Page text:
Lost child hoax prompts borough-wide search

| 29 Sep 2011 | 08:52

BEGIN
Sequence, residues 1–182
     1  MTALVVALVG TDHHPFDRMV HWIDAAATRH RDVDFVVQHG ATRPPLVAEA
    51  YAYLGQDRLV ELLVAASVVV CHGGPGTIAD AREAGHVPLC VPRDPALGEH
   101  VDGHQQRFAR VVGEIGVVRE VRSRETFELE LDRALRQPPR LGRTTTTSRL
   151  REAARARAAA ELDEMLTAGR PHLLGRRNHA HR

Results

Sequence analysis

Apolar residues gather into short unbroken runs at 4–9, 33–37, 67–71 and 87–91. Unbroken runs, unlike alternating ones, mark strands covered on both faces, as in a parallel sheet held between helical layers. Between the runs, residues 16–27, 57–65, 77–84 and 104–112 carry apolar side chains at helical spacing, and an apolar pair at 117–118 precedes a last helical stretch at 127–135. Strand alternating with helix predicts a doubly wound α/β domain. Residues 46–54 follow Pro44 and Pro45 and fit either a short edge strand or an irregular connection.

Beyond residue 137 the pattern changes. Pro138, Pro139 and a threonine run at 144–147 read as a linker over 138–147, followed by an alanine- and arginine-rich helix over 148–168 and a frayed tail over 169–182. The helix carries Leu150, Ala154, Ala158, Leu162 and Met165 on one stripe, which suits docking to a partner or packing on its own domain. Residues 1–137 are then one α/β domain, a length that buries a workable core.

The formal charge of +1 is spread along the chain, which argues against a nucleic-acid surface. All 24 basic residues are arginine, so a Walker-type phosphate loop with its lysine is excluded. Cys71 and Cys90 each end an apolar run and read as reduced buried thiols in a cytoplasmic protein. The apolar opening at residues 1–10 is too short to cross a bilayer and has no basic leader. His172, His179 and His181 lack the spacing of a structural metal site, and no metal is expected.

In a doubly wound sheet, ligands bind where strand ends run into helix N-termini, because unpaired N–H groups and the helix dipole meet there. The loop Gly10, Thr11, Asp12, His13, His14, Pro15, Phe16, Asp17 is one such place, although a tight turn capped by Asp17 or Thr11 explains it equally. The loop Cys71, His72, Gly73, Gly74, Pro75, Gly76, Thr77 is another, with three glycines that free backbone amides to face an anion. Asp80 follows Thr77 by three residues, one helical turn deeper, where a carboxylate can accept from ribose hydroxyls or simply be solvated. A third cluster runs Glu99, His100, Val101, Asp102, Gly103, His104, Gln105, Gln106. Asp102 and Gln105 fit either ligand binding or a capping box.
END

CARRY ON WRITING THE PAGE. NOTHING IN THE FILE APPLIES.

MILFORD - The story was that a 2 1/2-year-old child was lost. Her name was said to beMallory, and she could be missing in a crowd of several thousand people as the evening’s darkness began to fall on the music festival at the Ann Street Park. Mallory was said to be blonde, wearing a blue dress, and white shoes. That was the announcement given from stage where a Saturday evening performance of The New Riders of the Purple Sage was interrupted. The music was replaced by the voices of several thousand people all looking about them, calling out, “Mallory.” Lori Marrie said there were two announcements at about 8 p.m., first that the child was found and the parents were being sought, and then that the child was lost. “It seemed suspicious, right from the first,” she said. No further word came and the suspended concert resumed shortly after 8:30, but Matt Osterberg said he intervened. The Milford Borough president, who was in attendance, had heard the announcements and the music beginning again. “I didn’t think it was appropriate to continue,” he said. A few minutes later, a final annoucement came and the music stopped again. The crowd was told the festival would be closed for the evening due to the search. Some of the people left, but Osterberg said many remained to help search. The fire department was called and a street-by-street, house-to-house search began. Firefighters from Matamoras, Westfall and Dingman townships were called to assist. Meanwhile, police had gone to the home of Milford resident, Monica Lynn Burd, who had reported the lost child. Their investigation at the Burd home and discussion with neighbors revealed that Burd had no daughter Mallory and the report was a hoax. The search was halted and Burd was arrested. She was charged with filing false reports to law enforcement authorities, arraigned before District Magistrate Debbie Fischer and ordered confined to the Pike County Jail. Milford businessman James Rogers was among them, with his own preschool-age son in tow. Realizing that it was a hoax, he ended his search, “but he doesn’t understand,” nodding at the toddler on his arm. “He’s still looking for her.”